The pernicious box

28th January 2014

Here at the Panda we love our makerbot, but 3D printing is far from an exact science...

Recently we've been working on a piece for an Aliens Colonial Marine cosplay and it's certainly tested our skills! The design files were supplied to us by our customer and on the surface it's a fairly simple piece - a box that holds the batteries for shoulder mounted lamp - but there's been much more to it than meets the eye. Settle in for the story so far!

To begin with, the piece is bigger than anything we've attempted in the printer thus far, measuring around 160x105x70mm. This isn't near the largest build size the Replicator can work with but certainly limits options for orientation on the build plate. Notwithstanding the fact that the main part takes on average around 12 hours to print, an object of any real size in a 3D printer tends to suffer from warping and cracking.

Ahead warp factor 5!

When a 3D model is printed and begins to cool, it starts to contract. This isn't too much of an issue with a small piece as the relative contraction is fairly small and with the piece being finished quickly the cooling is fairly uniform. With a larger piece however cooling can be much more inconsistent. This tends to mean that as each layer cools upon an already cool layer below it starts to pull against it much like a rubber band stretched across a ruler (or strings on a guitar neck for the musically inclined!) causing a bow like effect and lifting at the edges or causing middle layers to crack off from those underneath.

Our early test prints suffered heavily from warping, but after we trawled the knowledge of the interwebs and did some experimentation we came a solution involving several things: attempting to ensure the consistency of the ambient room temperature over the full course of the print; being very pedantic with the makerbot build plate calibration; and retro-fitting the model in CAD software with "mouse ears".

Not literal mouse ears of course, but rather extra circular pieces attached to the corners of the model to help keep it attached to the build plate and counter the pull caused by cooling. This relatively simple thing (along with keen watching of the first couple of layers to ensure the plastic bonds to the build plate) has led to a massively more consistent set of prints and, as each "ear" is only 0.3-0.4mm thick they're easy to clean off the finished model with a craft knife (remember kids: knives are sharp and you can hurt yourself. Honestly I didn't forget that for a moment and slice my finger. Not all all *ahem*)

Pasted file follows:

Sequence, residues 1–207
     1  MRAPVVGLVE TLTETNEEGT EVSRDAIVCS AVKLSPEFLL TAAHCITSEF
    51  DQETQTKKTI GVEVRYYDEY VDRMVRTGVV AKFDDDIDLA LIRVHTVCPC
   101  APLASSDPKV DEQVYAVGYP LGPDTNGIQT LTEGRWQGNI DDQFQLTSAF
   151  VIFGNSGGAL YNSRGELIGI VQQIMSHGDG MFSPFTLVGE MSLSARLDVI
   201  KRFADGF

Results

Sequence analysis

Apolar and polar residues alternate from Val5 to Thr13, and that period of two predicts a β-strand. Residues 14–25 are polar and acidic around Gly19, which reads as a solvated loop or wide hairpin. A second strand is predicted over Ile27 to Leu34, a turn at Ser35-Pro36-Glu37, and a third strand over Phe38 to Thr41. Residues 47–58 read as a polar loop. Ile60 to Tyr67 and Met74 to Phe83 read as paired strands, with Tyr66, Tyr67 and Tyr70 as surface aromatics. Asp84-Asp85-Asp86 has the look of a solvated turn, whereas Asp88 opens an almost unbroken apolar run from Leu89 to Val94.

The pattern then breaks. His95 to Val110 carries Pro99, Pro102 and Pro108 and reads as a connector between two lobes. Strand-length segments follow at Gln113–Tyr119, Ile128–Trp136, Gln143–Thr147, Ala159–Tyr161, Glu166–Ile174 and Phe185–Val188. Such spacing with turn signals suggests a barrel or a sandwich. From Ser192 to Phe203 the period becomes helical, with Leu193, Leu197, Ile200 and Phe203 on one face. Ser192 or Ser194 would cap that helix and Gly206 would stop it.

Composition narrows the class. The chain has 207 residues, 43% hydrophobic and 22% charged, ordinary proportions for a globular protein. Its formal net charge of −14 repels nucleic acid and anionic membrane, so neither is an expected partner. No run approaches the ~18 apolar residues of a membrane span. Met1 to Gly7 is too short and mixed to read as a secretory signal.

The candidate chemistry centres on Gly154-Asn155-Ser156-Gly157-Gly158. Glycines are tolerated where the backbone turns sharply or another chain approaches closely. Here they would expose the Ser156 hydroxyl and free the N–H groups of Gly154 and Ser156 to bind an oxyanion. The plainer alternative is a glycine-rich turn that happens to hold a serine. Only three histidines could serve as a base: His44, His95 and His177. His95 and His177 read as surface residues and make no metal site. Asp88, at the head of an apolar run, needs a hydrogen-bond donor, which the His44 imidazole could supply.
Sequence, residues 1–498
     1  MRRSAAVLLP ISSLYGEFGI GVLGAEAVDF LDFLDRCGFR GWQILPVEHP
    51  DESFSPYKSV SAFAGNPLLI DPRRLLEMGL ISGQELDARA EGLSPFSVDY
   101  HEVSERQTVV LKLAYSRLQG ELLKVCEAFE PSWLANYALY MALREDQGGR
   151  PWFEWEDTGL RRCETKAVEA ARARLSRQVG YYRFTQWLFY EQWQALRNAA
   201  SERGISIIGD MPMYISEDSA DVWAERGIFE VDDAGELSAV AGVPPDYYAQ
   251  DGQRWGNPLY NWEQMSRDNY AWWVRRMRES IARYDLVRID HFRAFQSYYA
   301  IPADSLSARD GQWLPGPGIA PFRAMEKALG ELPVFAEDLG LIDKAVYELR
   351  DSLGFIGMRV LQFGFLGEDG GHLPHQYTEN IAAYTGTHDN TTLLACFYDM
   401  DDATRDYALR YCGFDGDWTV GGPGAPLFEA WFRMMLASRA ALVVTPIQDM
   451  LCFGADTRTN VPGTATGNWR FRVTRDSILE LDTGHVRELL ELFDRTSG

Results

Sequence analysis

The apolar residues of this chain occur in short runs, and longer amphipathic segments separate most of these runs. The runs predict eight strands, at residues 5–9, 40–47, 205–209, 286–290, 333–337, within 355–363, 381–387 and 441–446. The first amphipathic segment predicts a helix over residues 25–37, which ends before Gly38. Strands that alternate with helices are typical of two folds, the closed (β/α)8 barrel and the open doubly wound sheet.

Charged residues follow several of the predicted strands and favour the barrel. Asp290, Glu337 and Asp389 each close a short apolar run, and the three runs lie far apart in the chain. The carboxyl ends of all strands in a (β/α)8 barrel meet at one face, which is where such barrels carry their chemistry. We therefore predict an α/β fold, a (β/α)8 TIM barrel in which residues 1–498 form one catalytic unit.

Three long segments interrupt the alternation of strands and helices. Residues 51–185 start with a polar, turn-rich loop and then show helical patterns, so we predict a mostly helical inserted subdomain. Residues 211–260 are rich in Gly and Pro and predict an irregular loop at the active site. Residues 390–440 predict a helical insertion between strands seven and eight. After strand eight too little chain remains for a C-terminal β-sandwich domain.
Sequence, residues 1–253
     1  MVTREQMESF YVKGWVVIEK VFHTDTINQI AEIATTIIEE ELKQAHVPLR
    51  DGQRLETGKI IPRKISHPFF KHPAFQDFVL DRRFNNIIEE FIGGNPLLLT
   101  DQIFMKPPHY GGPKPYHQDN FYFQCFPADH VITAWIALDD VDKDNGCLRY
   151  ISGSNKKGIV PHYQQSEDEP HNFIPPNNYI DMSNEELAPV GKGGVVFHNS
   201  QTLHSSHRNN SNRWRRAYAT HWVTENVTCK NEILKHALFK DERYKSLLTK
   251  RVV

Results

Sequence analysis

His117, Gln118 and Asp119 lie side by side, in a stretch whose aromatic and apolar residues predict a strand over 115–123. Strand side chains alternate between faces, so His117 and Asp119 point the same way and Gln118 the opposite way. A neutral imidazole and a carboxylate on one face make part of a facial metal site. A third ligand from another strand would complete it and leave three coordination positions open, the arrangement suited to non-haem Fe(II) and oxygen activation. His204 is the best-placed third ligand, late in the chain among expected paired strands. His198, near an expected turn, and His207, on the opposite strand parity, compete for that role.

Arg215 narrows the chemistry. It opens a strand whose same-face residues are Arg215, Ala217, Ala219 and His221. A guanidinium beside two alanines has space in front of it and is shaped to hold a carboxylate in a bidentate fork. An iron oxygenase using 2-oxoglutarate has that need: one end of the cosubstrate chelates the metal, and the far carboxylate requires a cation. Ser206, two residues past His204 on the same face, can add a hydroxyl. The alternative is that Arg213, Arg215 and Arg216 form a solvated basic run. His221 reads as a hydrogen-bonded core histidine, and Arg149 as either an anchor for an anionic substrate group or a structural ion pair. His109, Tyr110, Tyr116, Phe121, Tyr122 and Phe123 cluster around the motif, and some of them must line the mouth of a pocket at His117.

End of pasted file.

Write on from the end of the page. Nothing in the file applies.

Cliffhanger!

Warping and cracking were far from the only challenges we faced. Possibly the biggest was exactly how to orient the box for printing. A 3D printer (of the makerbot ilk) work by building up layer by layer - all very well and good if you want to print a scale model of the pyramids, but what if you want to print a bridge? What about all those parts that are in the air? Those overhangs are a problem for 3D printing because, of course, you can't balance molten plastic on air!

The printer can automatically produce supports for these overhangs but can be a little imprecise and hard to clean off the model afterwards so keeping them to a minimum was a must!

To address this we've re-chunked the original model into sectional parts that can be separately printed, minimising size and overhangs, and then reassembled to make the finished piece. We've also added our own supports to the model in place of automatic ones so that we have more control over what's produced and how easy they are to remove cleanly.

Results so far and the next steps

Currently the main part of the box and the back/base are done and looking pretty fine! Next up is the lid and that has it's own challenges.

The current 3D model is proving tricky to slice (prep for printing) due to the shear number of polygon faces in the 3D file. But hey, that's just another challenge and another opportunity to learn new tricks!

We've certainly learnt a lot already in this build and it'll stand us in good sted for others going forward. Most of all, it's been fun so far :)

Got an idea for a 3D print or have a pre-designed to produce? Get in touch with us and we'll be happy to discuss it with you and see if we can help!

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